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  • noun

Synonyms for one-trillionth

one part in a trillion equal parts

References in periodicals archive ?
Through a natural process that lasts less than one-trillionth of a second, light-absorbing parts of DNA convert ultraviolet (UV) radiation from the sun into heat.
Pico is a prefix meaning one-trillionth, and picocomputer is a term "meant to describe machines even smaller than a microcomputer," like palm-size
In physics, one picocurie is equal to one-trillionth of a curie, the measurement of a quantity of radioactive substances, a very minute amount.
A picocurie is one-trillionth of a curie, a standard measure of radiation.
We concluded that a serum VEGF-D level of greater than 800 pg/mL (picograms, or one-trillionth of a gram, per milliliter) in women with typical cystic changes on a high-resolution computed tomography (CT) scan is diagnostically specific for sporadic LAM and identifies LAM in women with TSC.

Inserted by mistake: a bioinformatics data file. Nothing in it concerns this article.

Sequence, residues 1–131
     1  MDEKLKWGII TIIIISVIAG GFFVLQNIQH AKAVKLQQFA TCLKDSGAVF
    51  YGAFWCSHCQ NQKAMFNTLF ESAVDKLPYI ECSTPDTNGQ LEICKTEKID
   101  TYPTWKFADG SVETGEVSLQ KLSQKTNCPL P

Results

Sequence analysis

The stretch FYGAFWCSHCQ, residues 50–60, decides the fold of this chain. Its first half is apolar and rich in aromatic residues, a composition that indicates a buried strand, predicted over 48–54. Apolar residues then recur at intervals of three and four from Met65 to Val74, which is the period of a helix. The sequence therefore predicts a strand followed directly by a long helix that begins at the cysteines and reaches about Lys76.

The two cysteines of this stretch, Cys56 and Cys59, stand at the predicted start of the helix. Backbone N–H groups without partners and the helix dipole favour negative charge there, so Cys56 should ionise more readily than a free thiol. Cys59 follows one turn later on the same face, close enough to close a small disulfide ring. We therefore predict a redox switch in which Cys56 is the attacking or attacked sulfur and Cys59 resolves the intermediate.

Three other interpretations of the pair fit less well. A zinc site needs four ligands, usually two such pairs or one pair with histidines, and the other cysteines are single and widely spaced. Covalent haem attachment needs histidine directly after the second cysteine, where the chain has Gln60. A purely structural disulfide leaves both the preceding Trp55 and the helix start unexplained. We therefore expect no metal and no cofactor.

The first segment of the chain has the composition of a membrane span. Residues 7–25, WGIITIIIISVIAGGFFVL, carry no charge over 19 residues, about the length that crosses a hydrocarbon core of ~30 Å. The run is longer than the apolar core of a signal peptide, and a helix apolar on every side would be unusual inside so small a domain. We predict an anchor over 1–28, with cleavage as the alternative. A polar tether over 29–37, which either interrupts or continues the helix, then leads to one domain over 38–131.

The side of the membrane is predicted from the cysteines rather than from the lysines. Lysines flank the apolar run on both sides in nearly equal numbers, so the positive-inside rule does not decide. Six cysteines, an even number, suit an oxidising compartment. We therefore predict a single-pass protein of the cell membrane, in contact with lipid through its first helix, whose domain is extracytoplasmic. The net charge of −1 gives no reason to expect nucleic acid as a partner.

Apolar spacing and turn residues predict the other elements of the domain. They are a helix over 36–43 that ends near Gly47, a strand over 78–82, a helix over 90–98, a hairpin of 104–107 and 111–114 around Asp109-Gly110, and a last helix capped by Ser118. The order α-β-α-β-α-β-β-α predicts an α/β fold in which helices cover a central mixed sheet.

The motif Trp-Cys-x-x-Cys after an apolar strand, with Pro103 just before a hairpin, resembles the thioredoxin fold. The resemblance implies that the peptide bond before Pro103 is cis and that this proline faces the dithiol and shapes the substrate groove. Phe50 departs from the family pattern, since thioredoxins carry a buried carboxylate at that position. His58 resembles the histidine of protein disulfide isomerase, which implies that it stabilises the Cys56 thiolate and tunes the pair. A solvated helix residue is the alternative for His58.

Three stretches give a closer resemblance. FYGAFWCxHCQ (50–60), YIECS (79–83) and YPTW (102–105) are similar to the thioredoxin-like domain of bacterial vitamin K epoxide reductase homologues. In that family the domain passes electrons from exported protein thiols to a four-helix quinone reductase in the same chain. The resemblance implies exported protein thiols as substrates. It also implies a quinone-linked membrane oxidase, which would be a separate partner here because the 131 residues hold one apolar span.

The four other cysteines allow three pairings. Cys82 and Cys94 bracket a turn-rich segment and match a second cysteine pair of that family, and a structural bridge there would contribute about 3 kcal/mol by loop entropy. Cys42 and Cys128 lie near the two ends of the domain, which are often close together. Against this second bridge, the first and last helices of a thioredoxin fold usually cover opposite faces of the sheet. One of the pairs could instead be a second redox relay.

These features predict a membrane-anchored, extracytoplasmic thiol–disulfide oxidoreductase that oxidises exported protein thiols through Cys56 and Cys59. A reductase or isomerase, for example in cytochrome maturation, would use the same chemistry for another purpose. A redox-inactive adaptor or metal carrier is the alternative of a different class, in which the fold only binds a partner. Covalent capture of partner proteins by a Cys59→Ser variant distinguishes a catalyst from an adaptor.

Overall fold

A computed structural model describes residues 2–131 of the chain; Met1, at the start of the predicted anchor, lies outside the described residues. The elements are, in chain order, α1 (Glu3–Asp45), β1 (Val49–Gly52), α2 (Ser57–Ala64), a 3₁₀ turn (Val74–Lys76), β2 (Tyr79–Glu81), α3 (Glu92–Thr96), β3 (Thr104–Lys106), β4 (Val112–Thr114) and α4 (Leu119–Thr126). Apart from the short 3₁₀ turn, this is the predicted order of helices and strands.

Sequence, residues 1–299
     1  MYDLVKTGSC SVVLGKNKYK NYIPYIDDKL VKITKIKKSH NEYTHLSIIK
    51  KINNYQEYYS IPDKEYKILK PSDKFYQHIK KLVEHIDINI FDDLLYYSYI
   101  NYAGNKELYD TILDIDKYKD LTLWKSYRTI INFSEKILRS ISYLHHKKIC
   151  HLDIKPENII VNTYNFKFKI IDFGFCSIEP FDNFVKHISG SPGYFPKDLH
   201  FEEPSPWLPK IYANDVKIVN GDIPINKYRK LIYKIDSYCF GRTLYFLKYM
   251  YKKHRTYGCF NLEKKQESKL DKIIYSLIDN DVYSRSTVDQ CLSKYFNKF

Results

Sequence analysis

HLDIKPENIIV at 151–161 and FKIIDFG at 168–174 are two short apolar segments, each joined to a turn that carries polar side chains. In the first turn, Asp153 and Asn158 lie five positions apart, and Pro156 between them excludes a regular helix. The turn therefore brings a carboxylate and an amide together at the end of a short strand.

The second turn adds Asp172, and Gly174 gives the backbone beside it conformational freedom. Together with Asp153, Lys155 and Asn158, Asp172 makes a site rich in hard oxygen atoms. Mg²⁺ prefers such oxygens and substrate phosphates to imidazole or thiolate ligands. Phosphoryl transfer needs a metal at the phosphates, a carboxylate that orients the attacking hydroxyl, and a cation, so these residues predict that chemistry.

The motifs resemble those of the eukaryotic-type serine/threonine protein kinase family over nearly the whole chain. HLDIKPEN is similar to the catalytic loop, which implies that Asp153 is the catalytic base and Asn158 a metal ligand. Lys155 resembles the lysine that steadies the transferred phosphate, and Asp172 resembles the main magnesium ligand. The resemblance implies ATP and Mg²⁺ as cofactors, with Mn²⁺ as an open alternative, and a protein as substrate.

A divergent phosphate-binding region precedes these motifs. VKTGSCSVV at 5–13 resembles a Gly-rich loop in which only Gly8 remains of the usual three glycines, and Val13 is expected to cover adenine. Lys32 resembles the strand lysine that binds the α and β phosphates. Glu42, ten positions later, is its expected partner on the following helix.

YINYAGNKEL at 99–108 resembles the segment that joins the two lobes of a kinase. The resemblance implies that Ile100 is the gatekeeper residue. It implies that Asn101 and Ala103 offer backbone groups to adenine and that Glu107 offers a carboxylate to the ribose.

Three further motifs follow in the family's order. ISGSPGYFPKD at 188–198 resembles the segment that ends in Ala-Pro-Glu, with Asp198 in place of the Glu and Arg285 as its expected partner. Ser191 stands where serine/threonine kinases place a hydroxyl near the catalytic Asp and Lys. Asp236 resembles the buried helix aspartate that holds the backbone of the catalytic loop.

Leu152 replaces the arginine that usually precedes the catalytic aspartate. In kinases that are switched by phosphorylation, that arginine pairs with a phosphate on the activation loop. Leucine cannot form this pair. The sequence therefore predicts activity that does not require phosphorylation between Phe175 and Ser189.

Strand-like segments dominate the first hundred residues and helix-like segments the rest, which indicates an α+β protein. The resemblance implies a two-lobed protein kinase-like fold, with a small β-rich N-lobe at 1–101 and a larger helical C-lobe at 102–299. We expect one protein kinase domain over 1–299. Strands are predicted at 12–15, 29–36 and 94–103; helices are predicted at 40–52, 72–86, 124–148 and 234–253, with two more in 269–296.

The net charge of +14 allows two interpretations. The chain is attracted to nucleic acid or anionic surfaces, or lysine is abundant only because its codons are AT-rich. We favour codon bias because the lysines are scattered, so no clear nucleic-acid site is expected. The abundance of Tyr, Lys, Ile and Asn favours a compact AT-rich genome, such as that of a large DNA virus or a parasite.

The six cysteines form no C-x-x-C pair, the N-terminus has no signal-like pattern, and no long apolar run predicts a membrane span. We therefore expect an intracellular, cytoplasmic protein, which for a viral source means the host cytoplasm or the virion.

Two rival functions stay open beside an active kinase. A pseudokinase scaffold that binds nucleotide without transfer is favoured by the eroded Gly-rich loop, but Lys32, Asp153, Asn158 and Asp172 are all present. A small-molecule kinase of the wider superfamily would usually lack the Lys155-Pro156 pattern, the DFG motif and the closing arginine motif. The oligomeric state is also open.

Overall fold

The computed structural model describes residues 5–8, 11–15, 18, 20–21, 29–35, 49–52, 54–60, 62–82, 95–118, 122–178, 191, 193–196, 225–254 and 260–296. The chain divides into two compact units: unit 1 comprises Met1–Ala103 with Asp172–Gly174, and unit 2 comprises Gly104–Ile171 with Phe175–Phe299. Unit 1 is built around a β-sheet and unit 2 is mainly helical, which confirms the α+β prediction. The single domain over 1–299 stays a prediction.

Yet the energies available at the LHC are only one-trillionth the level Planck will probe in looking for the signal of gravitational waves, Dodelson says, adding: "That we can hope to learn anything at all about the energy scale when the universe began is unbelievable.
Environmental Protection Agency standard for safe exposure, which is about one-trillionth of a gram per liter.
The individual circuits in such chips, by the way, will operate at a switching speed of about 10 picoseconds, a picosecond being one-trillionth of a second.
Now a team of Stanford University School of Medicine researchers has developed a new type of imaging system that can illuminate tumors in living subjects -- getting pictures with a precision of nearly one-trillionth of a meter.
Not only can we detect picogram levels - one-trillionth of a gram - of protein, but we can also see very subtle changes in the ways the protein is modified.
Yet somehow the sound energy gets condensed inside the bubble to one-trillionth of its original density.
Bunker and Michalske's earlier work focused on the very tip of a crack, where the silicon-oxygen network of simple glasses can tear apart at one-trillionth of an inch per hour, then suddenly accelerate to 50 or 60 miles per hour.